The types of treatment services include:

  • Individual counseling. One-on-one counseling to explore personal problems that an individual may not be comfortable discussing in a group setting.
  • Group counseling
  • Educational services
  • Vocational services
  • Life skills
  • Mental health treatment
  • Family services
  • Continuing care

Methadone, buprenorphine, and naltrexone (including a new long-acting formulation) are effective in helping individuals addicted to heroin or other opioids stabilize their lives and reduce their illicit drug use. Acamprosate, disulfiram, and naltrexone are medications approved for treating alcohol dependence. For persons addicted to nicotine, a nicotine replacement product (available as patches, gum, lozenges, or nasal spray) or an oral medication (such as bupropion or varenicline) can be an effective component of treatment when part of a comprehensive behavioral treatment program.

A patient may require varying combinations of services and treatment components during treatment and recovery. In addition to counseling or psychotherapy, a patient may require medication, medical services, family therapy, parenting instruction, vocational rehabilitation, and/or social and legal services. For many patients, a continuing care approach provides the best results, with the treatment intensity varying according to a person’s changing needs.

Substance use and addiction can contribute to the development of mental illness. Substance use can lead to changes in some of the same brain areas that are disrupted in other mental disorders, such as schizophrenia, anxiety, mood, or impulse-control disorders.

Although medically assisted detoxification can safely manage the acute physical symptoms of withdrawal and can, for some, pave the way for effective long-term addiction treatment, detoxification alone is rarely sufficient to help addicted individuals achieve long-term abstinence. Thus, patients should be encouraged to continue drug treatment following detoxification. Motivational enhancement and incentive strategies, begun at initial patient intake, can improve treatment engagement.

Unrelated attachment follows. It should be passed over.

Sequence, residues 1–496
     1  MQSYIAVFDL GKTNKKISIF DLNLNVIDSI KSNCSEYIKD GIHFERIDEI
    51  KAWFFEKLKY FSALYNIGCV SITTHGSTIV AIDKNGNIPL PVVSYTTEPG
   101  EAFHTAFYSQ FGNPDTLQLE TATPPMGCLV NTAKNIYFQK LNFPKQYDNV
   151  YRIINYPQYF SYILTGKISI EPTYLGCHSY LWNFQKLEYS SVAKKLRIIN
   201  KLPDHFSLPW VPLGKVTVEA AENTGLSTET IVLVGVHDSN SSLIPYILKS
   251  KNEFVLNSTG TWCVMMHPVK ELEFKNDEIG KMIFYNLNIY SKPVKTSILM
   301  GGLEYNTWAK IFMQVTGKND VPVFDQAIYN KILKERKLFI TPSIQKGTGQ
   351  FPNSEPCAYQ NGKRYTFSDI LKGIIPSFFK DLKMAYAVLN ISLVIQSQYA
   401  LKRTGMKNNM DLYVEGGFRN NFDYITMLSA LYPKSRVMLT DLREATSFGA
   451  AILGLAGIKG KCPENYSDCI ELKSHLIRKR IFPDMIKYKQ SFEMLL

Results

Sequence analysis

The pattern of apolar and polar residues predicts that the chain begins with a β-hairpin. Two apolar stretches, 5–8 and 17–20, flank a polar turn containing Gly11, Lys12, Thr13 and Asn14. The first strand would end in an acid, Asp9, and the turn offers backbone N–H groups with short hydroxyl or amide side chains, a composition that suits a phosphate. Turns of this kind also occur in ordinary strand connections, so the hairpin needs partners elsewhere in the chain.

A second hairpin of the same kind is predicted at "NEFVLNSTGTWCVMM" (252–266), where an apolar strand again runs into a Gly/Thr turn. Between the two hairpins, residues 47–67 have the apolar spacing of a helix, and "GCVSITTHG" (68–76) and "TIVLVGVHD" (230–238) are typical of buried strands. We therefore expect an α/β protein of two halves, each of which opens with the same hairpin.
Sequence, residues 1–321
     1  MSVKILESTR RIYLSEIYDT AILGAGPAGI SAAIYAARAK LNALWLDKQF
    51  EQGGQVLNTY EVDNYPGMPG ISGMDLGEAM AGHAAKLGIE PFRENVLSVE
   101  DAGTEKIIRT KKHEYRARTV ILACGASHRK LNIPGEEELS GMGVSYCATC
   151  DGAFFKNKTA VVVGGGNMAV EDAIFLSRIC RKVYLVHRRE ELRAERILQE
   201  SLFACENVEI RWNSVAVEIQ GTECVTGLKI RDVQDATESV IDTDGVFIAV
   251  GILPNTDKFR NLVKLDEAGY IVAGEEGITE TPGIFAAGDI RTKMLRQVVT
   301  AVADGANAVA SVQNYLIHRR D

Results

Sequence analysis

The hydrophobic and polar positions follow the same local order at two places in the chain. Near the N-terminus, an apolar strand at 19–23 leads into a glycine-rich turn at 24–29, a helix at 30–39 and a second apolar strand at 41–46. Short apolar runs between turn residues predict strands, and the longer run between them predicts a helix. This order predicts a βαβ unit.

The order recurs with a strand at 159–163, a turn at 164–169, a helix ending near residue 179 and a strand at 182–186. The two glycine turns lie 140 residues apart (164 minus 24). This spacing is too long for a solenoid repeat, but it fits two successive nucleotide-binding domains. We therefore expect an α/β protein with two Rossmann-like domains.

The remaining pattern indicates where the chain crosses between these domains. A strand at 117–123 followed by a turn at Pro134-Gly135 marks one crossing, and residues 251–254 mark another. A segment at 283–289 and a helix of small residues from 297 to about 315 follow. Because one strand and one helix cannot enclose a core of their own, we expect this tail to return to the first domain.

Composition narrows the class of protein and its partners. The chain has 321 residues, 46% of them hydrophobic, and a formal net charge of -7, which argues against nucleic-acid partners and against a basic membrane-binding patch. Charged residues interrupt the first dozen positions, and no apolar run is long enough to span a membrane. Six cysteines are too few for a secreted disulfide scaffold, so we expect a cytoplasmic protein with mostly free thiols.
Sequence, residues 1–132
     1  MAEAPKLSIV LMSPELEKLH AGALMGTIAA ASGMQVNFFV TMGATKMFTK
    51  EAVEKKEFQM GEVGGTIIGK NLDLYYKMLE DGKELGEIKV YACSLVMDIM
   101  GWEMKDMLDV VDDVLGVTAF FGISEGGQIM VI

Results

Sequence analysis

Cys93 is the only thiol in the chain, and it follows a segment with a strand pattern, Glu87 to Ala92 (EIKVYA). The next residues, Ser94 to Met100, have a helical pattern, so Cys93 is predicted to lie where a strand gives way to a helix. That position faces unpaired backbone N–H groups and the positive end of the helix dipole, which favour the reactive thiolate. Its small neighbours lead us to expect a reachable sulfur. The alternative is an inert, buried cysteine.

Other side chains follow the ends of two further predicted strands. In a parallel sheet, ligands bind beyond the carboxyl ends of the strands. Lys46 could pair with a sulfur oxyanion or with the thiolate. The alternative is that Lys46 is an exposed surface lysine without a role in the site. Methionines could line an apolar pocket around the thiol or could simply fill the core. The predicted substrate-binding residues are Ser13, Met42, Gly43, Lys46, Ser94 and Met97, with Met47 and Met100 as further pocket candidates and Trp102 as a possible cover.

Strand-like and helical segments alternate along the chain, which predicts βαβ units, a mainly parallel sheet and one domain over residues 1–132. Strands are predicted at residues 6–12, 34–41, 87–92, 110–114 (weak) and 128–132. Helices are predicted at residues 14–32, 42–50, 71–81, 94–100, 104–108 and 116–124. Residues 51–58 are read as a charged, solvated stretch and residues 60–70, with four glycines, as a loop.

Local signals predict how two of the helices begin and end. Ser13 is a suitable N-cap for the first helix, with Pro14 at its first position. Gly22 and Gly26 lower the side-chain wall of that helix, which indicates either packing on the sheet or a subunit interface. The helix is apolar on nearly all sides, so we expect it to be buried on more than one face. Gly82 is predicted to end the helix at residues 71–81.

Sanctions or enticements from family, employment settings, and/or the criminal justice system can significantly increase treatment entry, retention rates, and the ultimate success of drug treatment interventions.

Drug use during treatment must be monitored continuously, as lapses during treatment do occur. Knowing their drug use is being monitored can be a powerful incentive for patients and can help them withstand urges to use drugs.

Typically, drug misuse treatment addresses some of the drug-related behaviors that put people at risk of infectious diseases. Targeted counseling focused on reducing infectious disease risk can help patients further reduce or avoid substance-related and other high-risk behaviors. Counseling can also help those who are already infected to manage their illness. Moreover, engaging in substance misuse treatment can facilitate adherence to other medical treatments. Substance misuse treatment facilities should provide onsite, rapid HIV testing rather than referrals to offsite testing — research shows that doing so increases the likelihood that patients will be tested and receive their test results. Treatment providers should also inform patients that highly active antiretroviral therapy (HAART) has proven effective in combating HIV, including among drug-abusing populations, and help link them to HIV treatment if they test positive.

Support community efforts to prevent, reduce, and/or eliminate substance misuse

Existing Community Engagement Activates include South Portland (SoPo) Drug-Free Communities Coalition: SoPo Unite and the Cherokee Nation HEAL Initiative (PDF)

Peer Support Specialists (PSS) or peer recovery specialists are people living in recovery with substance/opioid use disorder. A PSS can support an individual with opioid use disorder, either working one-to-one or in a group.

Additional Treatment Resource

Finding High-Quality Treatment

TROSA is an innovative, multi-year residential program that empowers people with substance use disorders to be productive, recovering individuals by providing comprehensive treatment, experiential vocational training, education, and continuing care.

Food, housing, and behavioral/mental
health services are provided at no cost.

1820 James Street
Durham, NC 27707
919 – 419-1059 (Admissions) • https://​trosainc​.org


If you or a family member needs help with a mental health or substance use disorder, try one of the following:

Test Your Knowledge (answer yes or no)

YES: Addiction causes significant changes in brain chemistry.

NO: Combining any drugs is highly dangerous and unpredictable, especially opioids and alcohol.

YES: The three main drugs are methadone, buprenorphine, and naltrexone.

NO: Everyone should have access to opioid treatment in an ideal situation, but geography and other factors unfortunately limit some people’s access.

YES: It is important to carefully monitor treatment progress and make adjustments accordingly.

Learning Modules